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Borough of Belmar v. Buckley

New Jersey Superior Court, Appellate Division

Decided: October 22, 1982.


On appeal from the Superior Court, Law Division, Monmouth County.

Michels, Pressler and Trautwein.

Per Curiam

[187 NJSuper Page 108]

Defendant Elizabeth Buckley was convicted by the Belmar Municipal Court of a violation of that provision of the borough ordinance prohibiting indecent exposure. On her appeal to the Superior Court, Law Division, the conviction was reversed without consideration of the merits, on the ground that the subject matter of the ordinance was preempted by statute. The borough appeals. We reverse.

The municipal prosecution was based on the fact that defendant had sunbathed on a public beach wearing only the bottom

[187 NJSuper Page 109]

portion of a bikini bathing suit. According to the borough's proofs at trial, she was observed by the complaining witness, a Belmar police officer, lying on her back, clad only in the bikini bottom and surrounded by a three-sided wind screen which afforded visibility of the enclosed area from at least one direction. It was his further testimony that upon defendant's becoming aware of his approach, she covered her chest with a straw hat. Defendant testified that she sunbathed in that manner because of the unsightly marks on her skin which would be caused by the bikini top as she tanned and because the bikini top was in any event uncomfortable. She kept the straw hat at hand to cover herself in the event a person approached towards the open side of the wind screen to whom she might be visible.

The municipal court judge, rejecting defendant's arguments that the subject matter of the ordinance was preempted and that the ordinance itself was unconstitutionally vague, found her guilty on these facts of a violation of Belmar Ordinance 5-1.2, which, in its then form, read as follows:

Indecent Exposure It shall be unlawful for any person to appear or travel on any street, avenue, highway, road, boardwalk, beach, beach front or waterway located in the Borough of Belmar, or to appear in any public place, store, or business in said borough in a state of nudity or in an indecent or lewd dress or garment, or to make any indecent or unnecessary exposure of his or her person.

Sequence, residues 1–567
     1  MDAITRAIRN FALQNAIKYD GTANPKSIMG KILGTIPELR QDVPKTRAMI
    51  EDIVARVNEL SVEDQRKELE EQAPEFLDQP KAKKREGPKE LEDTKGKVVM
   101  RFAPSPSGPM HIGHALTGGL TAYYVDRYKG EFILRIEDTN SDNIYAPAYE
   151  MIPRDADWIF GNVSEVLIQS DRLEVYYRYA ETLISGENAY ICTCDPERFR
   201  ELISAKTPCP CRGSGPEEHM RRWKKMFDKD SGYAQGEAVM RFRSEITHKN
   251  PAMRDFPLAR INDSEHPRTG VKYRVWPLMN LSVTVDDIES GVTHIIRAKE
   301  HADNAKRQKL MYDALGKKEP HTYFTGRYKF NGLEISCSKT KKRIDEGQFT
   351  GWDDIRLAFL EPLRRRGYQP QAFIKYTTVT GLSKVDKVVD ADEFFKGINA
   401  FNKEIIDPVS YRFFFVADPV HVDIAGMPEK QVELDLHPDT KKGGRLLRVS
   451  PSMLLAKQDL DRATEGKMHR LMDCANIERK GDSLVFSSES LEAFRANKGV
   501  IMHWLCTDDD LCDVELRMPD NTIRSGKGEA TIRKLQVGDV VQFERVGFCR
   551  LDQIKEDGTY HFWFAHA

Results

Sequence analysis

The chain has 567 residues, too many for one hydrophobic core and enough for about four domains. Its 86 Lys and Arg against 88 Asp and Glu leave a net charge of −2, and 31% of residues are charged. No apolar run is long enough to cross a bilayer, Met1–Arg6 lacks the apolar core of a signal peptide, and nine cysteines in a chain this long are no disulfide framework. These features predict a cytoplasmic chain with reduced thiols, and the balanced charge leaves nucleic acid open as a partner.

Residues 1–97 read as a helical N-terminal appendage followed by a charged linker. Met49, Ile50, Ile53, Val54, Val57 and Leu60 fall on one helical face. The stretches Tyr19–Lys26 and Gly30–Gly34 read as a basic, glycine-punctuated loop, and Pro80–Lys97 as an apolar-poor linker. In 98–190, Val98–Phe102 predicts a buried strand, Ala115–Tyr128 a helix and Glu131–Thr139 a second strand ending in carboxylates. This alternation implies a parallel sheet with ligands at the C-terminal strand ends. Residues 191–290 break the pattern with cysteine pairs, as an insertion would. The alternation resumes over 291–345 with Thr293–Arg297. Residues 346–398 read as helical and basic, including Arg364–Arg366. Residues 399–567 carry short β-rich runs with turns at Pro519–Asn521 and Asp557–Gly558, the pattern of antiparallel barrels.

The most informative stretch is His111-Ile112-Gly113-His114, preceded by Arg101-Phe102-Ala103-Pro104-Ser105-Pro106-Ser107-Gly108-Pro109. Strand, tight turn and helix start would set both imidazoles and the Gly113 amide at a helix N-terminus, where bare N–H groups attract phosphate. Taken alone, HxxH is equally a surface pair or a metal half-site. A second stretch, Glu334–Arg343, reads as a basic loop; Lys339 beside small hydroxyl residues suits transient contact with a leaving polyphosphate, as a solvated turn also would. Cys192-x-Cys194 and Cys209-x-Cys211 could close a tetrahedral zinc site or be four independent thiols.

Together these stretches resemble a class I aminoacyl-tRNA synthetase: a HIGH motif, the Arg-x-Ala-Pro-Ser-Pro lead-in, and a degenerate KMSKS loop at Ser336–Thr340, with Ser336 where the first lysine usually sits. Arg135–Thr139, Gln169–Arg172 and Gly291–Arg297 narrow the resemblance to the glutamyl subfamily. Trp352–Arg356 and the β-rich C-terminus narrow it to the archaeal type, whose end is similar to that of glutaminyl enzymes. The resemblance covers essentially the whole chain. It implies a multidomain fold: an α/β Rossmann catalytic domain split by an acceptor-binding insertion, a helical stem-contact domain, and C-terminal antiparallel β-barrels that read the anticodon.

On her appeal to the Law Division, defendant again raised her legal objections to the prosecution. The trial judge did not consider the merits of the conviction. Nor did he address the vagueness argument. He did, however, agree with the preemption claim and acquitted on that basis.*fn1 We are satisfied that he erred in so doing.

The preemption contention is based on N.J.S.A. 2C:14-4, which classifies the disorderly persons offense of lewdness as a sexual offense and defines it as follows:

[187 NJSuper Page 110]

A person commits a disorderly persons offense if he does any flagrantly lewd and offensive act which he knows or reasonably expects is likely to be observed by other non-consenting persons who would be affronted or alarmed. "Lewd acts" shall include the exposing of the genitals for the purpose of arousing or gratifying the sexual desire of the actor or of any other person.

The question is simply whether by this enactment the Legislature intended to preclude a municipality from prohibiting public nudity of a character which does not rise to the level of lewdness as therein defined but which it nevertheless regards as indecent by prevailing community standards. We conclude that it did not.

The preemption of municipal ordinances resultant from provisions of New Jersey Code of Criminal Justice, N.J.S.A. 2C:1-1 et seq., is specifically addressed by N.J.S.A. 2C:1-5(d), which provides:

Notwithstanding any other provision of law, the local governmental units of this State may neither enact nor enforce any ordinance or other local law or regulation conflicting with, or preempted by, any provision of this code or with any policy of this State expressed by this code, whether that policy be expressed by inclusion of a provision in the code or by exclusion of that subject from the code.

This provision is consistent with well settled case law principles by which municipalities are precluded from exercising their delegated police powers on preemption grounds only if a legislative enactment is intended to exclusively occupy the legislated area, or if the municipal ordinance conflicts with the objectives, policy or provision of state law, or if the subject matter is one requiring by its nature a uniform state-wide approach, or if the state law is so "pervasive or comprehensive that it precludes coexistence of municipal regulation." Overlook Terrace Mgmt. v. West New York Rent Control Bd., 71 N.J. 451, 461-462 (1976). See, also, Dome Realty Inc. v. Paterson, 83 N.J. 212 (1980);